Working on my dad's old GL1200 and removing rear fenders ect to remove the wheel was memory enough that I bought the jack right away and one purchase that I am glad I did.
 

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IronMan
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PLENTY VIDEOS ON LAYING HER OVER ON RITE SIDE 10 MINUTE JOB !!!!!!!!!!!!!!!!! MAKE SURE GAS IS ONLY 1/2 FULL
 

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If you plan to keep the motorcycle, might as well get a decent jack. Pitbull or J&S are good. I would never lay my motorcycle on it's side. I like my Pitbull jack.
Working on my dad's old GL1200 and removing rear fenders ect to remove the wheel was memory enough that I bought the jack right away and one purchase that I am glad I did.
Agree it would be great to have one of these jacks but unfortunately don't have enough storage space for it. Thus, have to give her a nap.
 

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laying down (nap) is easy IF you don't have the highway pegs that connect to the crash bars.. If yea lived clos'rrr to me I let you borrow my lift, to change that tire...........(and I'd even help you)
(Actually I'm a big snow skier, and I see your from Colorado, ....I'm jealous!)
Ronnie
Massachusetts
4/18/22
 

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Discussion Starter · #7 ·
Agree it would be great to have one of these jacks but unfortunately don't have enough storage space for it. Thus, have to give her a nap.
My garage is 22' long and just under 12' wide. It holds the GL and a 2014 CTX along with way too much other crap. I too dont have the storage space for a jack, that's the reason for the original question.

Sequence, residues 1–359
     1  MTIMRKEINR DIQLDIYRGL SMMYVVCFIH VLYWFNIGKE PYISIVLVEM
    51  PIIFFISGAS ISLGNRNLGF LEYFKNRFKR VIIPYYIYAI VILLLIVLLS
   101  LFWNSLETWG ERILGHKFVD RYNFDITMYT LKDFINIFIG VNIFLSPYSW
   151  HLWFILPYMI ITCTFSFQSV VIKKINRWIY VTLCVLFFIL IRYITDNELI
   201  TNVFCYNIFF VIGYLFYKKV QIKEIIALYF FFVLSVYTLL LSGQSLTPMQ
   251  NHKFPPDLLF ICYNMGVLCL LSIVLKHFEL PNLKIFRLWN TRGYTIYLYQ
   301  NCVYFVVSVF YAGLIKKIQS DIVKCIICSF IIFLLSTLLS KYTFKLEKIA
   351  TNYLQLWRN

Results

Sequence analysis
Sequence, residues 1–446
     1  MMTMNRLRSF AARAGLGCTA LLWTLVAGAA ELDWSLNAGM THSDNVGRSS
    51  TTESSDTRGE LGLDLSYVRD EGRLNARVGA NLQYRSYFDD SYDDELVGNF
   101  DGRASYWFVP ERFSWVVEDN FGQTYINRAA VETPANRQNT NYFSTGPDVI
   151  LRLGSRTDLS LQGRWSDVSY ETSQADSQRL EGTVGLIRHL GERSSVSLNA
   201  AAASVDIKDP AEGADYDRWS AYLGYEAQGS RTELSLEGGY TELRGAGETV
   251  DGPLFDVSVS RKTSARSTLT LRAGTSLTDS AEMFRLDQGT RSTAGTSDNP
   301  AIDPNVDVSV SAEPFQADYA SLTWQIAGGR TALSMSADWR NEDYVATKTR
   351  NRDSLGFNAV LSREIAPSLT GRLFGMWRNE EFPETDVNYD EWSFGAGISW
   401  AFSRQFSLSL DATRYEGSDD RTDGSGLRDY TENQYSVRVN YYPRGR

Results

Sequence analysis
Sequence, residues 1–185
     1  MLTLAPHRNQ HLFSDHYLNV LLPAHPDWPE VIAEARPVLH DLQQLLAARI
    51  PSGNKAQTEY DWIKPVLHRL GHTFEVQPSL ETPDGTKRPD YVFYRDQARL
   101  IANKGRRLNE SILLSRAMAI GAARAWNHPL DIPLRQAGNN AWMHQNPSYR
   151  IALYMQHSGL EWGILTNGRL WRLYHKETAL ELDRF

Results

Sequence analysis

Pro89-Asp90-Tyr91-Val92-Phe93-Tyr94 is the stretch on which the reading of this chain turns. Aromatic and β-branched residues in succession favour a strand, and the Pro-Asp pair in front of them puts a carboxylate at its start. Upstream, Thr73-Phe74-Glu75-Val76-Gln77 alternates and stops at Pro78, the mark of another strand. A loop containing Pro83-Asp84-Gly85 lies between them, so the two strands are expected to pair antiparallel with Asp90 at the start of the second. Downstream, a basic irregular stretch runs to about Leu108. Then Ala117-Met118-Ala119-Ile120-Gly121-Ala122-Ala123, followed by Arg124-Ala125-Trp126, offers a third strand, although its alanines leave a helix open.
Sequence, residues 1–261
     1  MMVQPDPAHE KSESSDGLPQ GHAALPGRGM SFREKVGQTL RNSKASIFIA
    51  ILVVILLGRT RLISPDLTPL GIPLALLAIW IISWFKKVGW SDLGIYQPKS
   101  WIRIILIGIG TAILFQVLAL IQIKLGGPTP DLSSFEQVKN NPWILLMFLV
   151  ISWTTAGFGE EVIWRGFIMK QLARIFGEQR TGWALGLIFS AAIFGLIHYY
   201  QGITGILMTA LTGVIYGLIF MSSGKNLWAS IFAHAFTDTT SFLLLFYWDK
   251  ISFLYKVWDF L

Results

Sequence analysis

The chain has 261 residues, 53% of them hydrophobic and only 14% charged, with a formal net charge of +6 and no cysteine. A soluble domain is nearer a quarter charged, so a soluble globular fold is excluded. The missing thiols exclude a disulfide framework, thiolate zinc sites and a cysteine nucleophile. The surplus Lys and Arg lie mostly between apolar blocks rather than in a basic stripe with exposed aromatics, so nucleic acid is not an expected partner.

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laying down (nap) is easy IF you don't have the highway pegs that connect to the crash bars.. If yea lived clos'rrr to me I let you borrow my lift, to change that tire...........(and I'd even help you)
(Actually I'm a big snow skier, and I see your from Colorado, ....I'm jealous!)
Ronnie
Massachusetts
4/18/22
You're a generous soul Ronnie. I would love to have one of those jacks and just drop the wheel out. Can't have everything and wouldn't want to. Have been thinning the herd and getting down to a more manageable # of bikes and stuff and it is liberating. Less is more, for me anyway.
 

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I use a wheel chock on the front wheel that allows me to strap the front end down. Then a scissors jack under the center stand. Lifting the scissors jack will raise the rear of the bike far enough to remove the wheel.
Tire Wheel Automotive tire Vehicle Car
 

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I use a wheel chock on the front wheel that allows me to strap the front end down. Then a scissors jack under the center stand. Lifting the scissors jack will raise the rear of the bike far enough to remove the wheel.
View attachment 399587